Open-plan office designs unpopular with workers and can damage productivity

“Employees reported that the open-plan design of many offices encouraged a negative sense of competition between staff and a hostile working environment that pitted colleagues against each other,” said a statement from Expert Market. “In different cultures, they may seek it primarily for different reasons and in ways that are permitted in their culture, but the need for privacy sometimes — at work as well as in public — is as important to people as is the need to be with others.”

Related story: “Offices designed as fun palaces are fundamentally sinister”Research released earlier this year by Canada Life Group Insurance also found that open-plan office workers were more than twice as likely to take sick days than home workers and were almost six times as likely to believe their working environment promoted stress. News: more than half of employees prefer a private work space, while open-plan office workers often experience too many distractions to work effectively, according to new data. The 11 per cent of workers who had more privacy and were more satisfied with their workplace overall were also the most engaged. Last year, Dezeen reported on a workplace survey by architecture firm Gensler, which found that new office technologies and a move towards collaborative, open-plan offices were damaging the performance of employees. “We expected that in countries like China, which has a very collectivist culture, privacy might be less of a need than in countries like the United States, where individualism is prized. Respondents were losing up to 86 minutes per day to distractions, and 31 per cent reported they had to leave their offices to complete their work due to lack of private space. But what we discovered is that people all over the world want privacy at times,” said Wenli Wang, who conducted Steelcase’s privacy research in China. Research commissioned by British office equipment company Expert Market found that 54 per cent of workers would prefer to work in separate offices, while 65 per cent said that lack of natural light negatively impacted their mood. Disengagement in the workplace and subsequent loss of productivity is currently estimated to cost American companies up to $550 billion and UK companies up to £70 billion a year. “In the quest to boost team morale through a relaxed and less formal environment, companies may have achieved quite the opposite.”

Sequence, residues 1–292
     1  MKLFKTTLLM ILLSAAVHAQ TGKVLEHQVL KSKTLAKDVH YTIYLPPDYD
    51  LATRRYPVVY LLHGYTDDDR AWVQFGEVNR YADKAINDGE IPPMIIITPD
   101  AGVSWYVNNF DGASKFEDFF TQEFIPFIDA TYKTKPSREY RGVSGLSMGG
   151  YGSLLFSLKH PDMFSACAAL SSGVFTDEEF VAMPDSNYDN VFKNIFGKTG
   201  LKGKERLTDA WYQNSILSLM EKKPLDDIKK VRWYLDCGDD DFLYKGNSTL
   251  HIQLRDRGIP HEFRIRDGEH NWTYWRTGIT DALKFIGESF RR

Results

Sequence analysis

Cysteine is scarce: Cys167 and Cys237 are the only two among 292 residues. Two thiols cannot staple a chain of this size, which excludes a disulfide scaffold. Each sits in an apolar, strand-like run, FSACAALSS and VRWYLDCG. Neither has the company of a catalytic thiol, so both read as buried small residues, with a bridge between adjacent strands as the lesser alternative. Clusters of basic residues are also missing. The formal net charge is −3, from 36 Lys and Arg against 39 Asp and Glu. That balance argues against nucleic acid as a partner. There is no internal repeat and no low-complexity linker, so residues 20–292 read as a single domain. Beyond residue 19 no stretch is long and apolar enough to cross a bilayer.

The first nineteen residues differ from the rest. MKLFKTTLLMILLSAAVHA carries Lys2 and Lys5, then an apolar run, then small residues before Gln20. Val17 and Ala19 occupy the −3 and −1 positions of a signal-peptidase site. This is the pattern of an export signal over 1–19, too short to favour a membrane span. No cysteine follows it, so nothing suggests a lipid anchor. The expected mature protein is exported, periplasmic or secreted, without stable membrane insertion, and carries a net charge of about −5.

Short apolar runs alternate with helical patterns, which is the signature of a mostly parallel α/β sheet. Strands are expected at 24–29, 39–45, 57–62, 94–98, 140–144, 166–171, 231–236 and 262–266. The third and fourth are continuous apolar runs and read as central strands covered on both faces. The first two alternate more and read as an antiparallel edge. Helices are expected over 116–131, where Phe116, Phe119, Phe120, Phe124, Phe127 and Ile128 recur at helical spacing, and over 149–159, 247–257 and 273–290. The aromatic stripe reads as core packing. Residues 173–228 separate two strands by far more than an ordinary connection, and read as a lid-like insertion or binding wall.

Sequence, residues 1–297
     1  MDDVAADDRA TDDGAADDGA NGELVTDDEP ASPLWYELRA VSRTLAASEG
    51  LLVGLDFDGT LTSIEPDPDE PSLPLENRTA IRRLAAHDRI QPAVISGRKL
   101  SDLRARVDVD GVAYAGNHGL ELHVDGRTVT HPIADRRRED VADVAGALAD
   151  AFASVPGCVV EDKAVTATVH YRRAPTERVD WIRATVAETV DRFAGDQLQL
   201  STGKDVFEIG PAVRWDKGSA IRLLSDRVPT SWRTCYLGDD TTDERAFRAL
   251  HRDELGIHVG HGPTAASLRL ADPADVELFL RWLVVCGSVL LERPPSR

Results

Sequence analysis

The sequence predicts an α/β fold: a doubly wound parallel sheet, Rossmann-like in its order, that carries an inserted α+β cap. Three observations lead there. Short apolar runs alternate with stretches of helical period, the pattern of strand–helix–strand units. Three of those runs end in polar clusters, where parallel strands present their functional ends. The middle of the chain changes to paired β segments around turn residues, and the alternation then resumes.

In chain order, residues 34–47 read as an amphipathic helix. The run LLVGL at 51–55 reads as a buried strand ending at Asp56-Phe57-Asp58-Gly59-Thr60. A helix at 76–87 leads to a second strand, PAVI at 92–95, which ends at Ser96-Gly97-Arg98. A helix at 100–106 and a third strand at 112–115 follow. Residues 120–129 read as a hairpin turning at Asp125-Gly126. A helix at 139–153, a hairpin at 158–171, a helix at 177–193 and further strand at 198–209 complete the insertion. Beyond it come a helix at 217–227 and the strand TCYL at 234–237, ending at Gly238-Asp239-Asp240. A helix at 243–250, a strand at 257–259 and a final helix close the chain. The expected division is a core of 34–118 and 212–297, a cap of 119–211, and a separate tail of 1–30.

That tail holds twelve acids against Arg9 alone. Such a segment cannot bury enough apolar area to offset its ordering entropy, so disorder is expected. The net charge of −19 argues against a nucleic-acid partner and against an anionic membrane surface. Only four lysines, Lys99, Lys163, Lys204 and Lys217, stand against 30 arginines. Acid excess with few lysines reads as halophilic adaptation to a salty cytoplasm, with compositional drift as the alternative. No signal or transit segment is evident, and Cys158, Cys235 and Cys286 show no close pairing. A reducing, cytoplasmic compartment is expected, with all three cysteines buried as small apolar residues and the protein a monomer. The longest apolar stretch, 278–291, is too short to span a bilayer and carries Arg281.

The report follows on from research published in September by office furniture specialists Steelcase and research company IPSOS, which found that insufficient privacy in the workplace was a worldwide problem. “Open-plan is quite effective as a general space but there are times when you need to focus on collaboration, and it fails to support that.”

Updated: 23.11.2014 — 01:18